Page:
friend should remember that it is not every dis then debate should be closed. But the gentleman they not acted upon? That brings up the whole trict which, in that particular, is equally blessed says I asked that the first reading should be disdifficulty--that is the matter of controversy which with his. When the people of a district do the pensed with. Does he not know that such is the has been occupying the attention of the House best they can, they should not be assailed either usual practice with appropriation bills? When for the last day or two. Early in March a special directly or through their representative for having did an appropriation bill come up in Committee of order was made, and, with the exception of a furnished members who do not happen to come the Whole that the first reading was not dispensed few days, special orders were continued, for a por- up to the high standard of statesmanship set by with by unanimous consent, and its second readtion of the day from that time until about the other gentlemen. I do not think, however, the ing proceeded with for amendments? close of the session. The homestead bill became gentleman's contrast is sustained by the record, Mr. STEPHENS. I dislike to interrupt the the special order of the day on the 21 of March, |, and if members of this committee will refer back gentleman, but I never knew the first reading disand it was continued until the 12th of May, at to the action of Congress, from a very early period pensed with. I recollect very well in the last Conwhich time it passed this House. I do not mean of the Government, they will find that at every gress that the honorable gentleman from South to say that the merits of the bill itself were dis- short session of Congress, the appropriation bills Carolina (Mr. Burt) held that it was out of order cussed every day, but that most of the time that became laws in the very last days of the session to make such a motion, and the whole bill was measure was ostensibly under consideration. in nineteen cases out of twenty-from 1795 up to read through in the House.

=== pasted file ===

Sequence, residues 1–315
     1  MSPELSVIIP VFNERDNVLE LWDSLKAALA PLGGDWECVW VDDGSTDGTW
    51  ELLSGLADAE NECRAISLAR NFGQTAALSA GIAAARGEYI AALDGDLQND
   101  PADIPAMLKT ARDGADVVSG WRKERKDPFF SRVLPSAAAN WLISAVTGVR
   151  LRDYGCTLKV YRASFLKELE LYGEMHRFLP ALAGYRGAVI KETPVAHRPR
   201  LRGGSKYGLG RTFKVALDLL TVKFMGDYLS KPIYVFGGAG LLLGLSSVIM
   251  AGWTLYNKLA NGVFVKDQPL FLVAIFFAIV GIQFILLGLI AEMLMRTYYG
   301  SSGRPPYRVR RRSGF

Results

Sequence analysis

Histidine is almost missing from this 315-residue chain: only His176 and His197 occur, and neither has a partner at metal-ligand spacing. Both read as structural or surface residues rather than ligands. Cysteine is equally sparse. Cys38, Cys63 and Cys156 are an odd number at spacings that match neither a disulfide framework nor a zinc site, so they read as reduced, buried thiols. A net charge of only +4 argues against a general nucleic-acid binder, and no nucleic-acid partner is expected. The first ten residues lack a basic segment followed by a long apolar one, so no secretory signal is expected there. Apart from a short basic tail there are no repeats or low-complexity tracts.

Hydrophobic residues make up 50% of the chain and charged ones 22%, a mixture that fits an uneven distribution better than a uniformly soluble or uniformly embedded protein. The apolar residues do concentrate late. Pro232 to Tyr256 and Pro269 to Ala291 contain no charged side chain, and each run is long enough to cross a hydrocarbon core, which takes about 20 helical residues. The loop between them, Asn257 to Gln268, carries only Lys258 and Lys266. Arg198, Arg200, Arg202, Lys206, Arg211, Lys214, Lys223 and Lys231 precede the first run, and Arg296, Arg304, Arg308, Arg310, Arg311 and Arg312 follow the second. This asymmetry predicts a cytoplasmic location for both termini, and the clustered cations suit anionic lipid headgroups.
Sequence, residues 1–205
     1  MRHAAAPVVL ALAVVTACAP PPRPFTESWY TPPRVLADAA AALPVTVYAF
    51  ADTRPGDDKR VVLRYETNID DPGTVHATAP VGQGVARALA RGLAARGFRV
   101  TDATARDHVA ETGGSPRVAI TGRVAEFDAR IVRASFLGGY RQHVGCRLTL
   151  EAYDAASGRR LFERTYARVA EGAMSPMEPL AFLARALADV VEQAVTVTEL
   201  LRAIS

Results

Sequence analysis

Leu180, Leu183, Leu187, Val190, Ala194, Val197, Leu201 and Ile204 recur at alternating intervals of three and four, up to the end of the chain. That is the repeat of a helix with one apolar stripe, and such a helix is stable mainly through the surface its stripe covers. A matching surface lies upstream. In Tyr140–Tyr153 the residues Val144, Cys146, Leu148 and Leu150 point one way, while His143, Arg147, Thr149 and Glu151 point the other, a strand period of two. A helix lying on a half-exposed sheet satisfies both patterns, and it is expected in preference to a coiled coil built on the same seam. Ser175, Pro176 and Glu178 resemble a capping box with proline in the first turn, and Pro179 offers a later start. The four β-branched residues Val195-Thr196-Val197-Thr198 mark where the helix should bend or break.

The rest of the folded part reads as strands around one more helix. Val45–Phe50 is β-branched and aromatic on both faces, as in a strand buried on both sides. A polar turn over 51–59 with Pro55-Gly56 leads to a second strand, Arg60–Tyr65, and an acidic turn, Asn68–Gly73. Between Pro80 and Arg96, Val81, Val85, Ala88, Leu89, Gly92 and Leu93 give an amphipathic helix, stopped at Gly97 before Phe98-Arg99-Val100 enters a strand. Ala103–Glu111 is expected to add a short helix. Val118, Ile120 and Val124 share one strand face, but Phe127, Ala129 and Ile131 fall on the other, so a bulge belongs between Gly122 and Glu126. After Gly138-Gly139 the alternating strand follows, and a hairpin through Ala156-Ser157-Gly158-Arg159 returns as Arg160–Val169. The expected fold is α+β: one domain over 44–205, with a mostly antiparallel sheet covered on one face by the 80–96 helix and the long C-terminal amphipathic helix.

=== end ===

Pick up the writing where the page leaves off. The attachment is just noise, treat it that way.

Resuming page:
On the 24th of May, Congress made another | this time. So far, then, as the gentleman drew a Mr. HOUSTON, I will not speak of the last special order, appropriating the morning hour to contrast to the disadvantage of Congress at this Congress. I was not here. The gentleman from the reception of reports from committees, to the time, his comparison does not hold good, and is Georgia has certainly paid but little attention, in exclusion of all other business. Under that special not warranted by the history and facts of the case. Committee of the Whole, to the appropriation order the morning hour was mostly occupied for Mr. STEPHÉNS, of Georgia. Will the gentle bills. I assure him that so far as I am concerned, the residue of the session, and not only the morn man allow me one word ?

I have taken up no appropriation bill since I have ing hour was thus employed, but occasionally Mr. HOUSTON. Certainly.

been a member of the Committee on Ways and bills coming before the House under that order Mr. STEPHENS. I was not speaking yes Means, in which we have not, by unanimous conwould occupy the whole day.